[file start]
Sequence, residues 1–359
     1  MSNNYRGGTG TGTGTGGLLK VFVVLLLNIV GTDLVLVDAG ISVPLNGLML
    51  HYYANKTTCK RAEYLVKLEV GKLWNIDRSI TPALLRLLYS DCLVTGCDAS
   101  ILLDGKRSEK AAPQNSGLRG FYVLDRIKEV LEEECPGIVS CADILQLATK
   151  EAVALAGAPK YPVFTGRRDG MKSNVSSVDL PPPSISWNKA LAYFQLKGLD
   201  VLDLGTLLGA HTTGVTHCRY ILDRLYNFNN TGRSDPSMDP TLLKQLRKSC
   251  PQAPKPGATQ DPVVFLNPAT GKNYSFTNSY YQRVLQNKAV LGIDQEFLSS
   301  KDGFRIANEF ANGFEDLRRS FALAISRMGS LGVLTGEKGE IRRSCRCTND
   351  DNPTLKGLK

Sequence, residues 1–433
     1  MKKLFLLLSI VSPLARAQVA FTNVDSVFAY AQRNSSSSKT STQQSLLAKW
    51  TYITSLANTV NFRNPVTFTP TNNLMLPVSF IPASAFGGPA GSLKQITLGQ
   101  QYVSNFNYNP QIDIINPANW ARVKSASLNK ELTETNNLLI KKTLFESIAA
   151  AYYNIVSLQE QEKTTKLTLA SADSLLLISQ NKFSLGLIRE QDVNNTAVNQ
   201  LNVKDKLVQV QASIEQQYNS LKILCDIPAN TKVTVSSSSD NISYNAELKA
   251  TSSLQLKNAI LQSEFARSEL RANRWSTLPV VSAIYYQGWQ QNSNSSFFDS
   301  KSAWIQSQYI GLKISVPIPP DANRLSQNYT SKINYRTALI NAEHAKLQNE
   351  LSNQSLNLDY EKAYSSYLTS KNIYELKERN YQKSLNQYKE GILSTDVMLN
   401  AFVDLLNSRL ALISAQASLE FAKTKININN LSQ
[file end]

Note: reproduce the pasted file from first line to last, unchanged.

Sequence, residues 1–359
     1  MSNNYRGGTG TGTGTGGLLK VFVVLLLNIV GTDLVLVDAG ISVPLNGLML
    51  HYYANKTTCK RAEYLVKLEV GKLWNIDRSI TPALLRLLYS DCLVTGCDAS
   101  ILLDGKRSEK AAPQNSGLRG FYVLDRIKEV LEEECPGIVS CADILQLATK
   151  EAVALAGAPK YPVFTGRRDG MKSNVSSVDL PPPSISWNKA LAYFQLKGLD
   201  VLDLGTLLGA HTTGVTHCRY ILDRLYNFNN TGRSDPSMDP TLLKQLRKSC
   251  PQAPKPGATQ DPVVFLNPAT GKNYSFTNSY YQRVLQNKAV LGIDQEFLSS
   301  KDGFRIANEF ANGFEDLRRS FALAISRMGS LGVLTGEKGE IRRSCRCTND
   351  DNPTLKGLK

Sequence, residues 1–433
     1  MKKLFLLLSI VSPLARAQVA FTNVDSVFAY AQRNSSSSKT STQQSLLAKW
    51  TYITSLANTV NFRNPVTFTP TNNLMLPVSF IPASAFGGPA GSLKQITLGQ
   101  QYVSNFNYNP QIDIINPANW ARVKSASLNK ELTETNNLLI KKTLFESIAA
   151  AYYNIVSLQE QEKTTKLTLA SADSLLLISQ NKFSLGLIRE QDVNNTAVNQ
   201  LNVKDKLVQV QASIEQQYNS LKILCDIPAN TKVTVSSSSD NISYNAELKA
   251  TSSLQLKNAI LQSEFARSEL RANRWSTLPV VSAIYYQGWQ QNSNSSFFDS
   301  KSAWIQSQYI GLKISVPIPP DANRLSQNYT SKINYRTALI NAEHAKLQNE
   351  LSNQSLNLDY EKAYSSYLTS KNIYELKERN YQKSLNQYKE GILSTDVMLN
   401  AFVDLLNSRL ALISAQASLE FAKTKININN LSQ